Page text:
What Is a Subdomain?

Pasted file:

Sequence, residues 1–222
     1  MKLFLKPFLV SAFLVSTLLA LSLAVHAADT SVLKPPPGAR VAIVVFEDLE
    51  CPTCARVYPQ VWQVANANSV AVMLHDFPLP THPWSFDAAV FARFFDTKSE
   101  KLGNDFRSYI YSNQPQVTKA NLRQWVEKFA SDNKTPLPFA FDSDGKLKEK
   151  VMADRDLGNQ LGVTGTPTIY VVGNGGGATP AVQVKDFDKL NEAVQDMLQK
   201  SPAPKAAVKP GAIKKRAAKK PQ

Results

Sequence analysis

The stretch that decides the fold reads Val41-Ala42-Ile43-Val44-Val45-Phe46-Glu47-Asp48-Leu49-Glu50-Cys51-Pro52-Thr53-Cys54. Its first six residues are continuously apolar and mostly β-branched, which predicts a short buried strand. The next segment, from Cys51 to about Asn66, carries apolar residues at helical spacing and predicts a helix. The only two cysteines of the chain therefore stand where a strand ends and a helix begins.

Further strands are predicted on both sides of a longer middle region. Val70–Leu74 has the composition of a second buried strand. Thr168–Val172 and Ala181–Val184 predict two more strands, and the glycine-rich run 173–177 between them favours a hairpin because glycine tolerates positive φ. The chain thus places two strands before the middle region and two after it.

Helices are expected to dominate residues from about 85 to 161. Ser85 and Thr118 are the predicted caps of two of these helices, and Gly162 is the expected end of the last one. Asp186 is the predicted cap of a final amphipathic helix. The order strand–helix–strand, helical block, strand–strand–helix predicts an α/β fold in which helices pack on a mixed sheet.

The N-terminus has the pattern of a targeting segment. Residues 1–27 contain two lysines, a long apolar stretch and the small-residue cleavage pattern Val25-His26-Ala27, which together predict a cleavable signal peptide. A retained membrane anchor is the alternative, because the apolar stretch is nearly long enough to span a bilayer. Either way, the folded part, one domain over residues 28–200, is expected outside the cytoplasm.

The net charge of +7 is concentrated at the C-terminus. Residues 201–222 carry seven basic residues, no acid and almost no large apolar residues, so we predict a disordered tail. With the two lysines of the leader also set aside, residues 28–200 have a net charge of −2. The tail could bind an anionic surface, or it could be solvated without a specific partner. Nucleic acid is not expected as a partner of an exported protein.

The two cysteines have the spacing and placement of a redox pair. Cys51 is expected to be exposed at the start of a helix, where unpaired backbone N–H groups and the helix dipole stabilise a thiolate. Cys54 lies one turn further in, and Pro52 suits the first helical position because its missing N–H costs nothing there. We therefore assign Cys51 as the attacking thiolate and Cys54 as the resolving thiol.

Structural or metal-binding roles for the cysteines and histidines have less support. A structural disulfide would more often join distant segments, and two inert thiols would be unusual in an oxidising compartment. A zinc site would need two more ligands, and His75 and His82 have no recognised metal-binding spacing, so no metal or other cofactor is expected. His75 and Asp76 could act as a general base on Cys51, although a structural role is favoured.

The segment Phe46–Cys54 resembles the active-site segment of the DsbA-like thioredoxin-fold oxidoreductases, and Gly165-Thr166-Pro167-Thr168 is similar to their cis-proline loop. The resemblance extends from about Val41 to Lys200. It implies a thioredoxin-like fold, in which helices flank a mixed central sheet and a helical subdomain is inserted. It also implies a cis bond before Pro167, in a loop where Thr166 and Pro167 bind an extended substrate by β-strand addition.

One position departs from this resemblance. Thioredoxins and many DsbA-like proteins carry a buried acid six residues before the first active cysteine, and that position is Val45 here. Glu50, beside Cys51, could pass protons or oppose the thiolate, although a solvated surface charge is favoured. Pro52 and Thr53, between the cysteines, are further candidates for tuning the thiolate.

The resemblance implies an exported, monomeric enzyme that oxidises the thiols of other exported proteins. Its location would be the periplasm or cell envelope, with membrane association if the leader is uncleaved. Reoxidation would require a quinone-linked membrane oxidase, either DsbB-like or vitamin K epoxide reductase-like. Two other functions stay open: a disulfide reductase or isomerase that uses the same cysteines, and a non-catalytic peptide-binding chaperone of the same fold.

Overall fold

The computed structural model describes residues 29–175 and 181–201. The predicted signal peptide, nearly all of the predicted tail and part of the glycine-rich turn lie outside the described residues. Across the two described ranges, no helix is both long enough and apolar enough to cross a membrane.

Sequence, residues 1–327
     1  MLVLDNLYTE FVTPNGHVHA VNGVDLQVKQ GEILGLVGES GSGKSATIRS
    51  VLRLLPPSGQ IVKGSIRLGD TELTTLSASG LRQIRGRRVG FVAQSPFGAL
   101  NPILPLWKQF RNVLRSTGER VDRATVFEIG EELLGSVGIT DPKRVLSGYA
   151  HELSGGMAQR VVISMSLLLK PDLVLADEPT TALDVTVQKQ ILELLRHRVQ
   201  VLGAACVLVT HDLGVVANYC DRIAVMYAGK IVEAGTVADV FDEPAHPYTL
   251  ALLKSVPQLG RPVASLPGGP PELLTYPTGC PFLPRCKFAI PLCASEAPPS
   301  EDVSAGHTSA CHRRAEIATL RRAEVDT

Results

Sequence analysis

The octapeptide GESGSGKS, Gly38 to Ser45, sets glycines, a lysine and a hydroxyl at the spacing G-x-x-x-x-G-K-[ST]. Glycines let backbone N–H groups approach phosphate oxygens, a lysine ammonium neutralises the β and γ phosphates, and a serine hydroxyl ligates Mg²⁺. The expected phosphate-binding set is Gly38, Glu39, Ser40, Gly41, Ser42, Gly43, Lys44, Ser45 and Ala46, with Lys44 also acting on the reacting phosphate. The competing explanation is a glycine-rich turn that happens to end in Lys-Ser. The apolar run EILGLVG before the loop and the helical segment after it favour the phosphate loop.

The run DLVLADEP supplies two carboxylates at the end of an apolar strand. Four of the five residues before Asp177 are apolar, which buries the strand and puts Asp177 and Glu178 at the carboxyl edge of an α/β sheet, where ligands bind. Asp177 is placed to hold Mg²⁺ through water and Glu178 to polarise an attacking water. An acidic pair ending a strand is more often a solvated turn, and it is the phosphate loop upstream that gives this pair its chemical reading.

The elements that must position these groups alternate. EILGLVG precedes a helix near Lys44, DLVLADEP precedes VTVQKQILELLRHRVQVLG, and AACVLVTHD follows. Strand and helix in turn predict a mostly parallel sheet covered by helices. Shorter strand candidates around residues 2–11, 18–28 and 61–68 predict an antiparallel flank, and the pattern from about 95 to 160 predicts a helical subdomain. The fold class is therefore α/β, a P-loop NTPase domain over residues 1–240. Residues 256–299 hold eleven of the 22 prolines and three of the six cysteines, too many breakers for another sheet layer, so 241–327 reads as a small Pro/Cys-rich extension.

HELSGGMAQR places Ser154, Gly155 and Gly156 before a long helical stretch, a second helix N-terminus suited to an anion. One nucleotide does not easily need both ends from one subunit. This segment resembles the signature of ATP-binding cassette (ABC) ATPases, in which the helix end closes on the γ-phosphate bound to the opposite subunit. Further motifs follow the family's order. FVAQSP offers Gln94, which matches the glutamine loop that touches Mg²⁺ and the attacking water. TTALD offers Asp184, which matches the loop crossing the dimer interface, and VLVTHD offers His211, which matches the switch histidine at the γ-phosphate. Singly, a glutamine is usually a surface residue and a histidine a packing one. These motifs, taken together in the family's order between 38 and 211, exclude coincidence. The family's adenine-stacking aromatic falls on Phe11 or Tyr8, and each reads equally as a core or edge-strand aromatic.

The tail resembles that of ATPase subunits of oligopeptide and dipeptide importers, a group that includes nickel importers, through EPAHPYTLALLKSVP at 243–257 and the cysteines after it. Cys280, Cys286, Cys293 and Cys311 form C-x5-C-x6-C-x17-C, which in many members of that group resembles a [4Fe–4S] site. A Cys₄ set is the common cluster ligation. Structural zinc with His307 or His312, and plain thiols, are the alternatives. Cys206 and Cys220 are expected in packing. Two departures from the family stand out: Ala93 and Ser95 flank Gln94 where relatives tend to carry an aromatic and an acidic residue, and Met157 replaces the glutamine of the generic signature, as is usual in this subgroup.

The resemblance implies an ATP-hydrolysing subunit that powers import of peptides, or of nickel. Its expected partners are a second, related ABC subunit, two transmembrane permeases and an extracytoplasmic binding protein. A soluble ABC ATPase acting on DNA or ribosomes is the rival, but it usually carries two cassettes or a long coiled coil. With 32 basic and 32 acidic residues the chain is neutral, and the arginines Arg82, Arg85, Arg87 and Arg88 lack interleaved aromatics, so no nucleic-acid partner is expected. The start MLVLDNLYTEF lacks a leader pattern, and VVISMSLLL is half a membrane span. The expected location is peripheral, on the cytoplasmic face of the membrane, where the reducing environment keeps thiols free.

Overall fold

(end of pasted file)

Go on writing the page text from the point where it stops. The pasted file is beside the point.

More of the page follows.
HostGator Blog -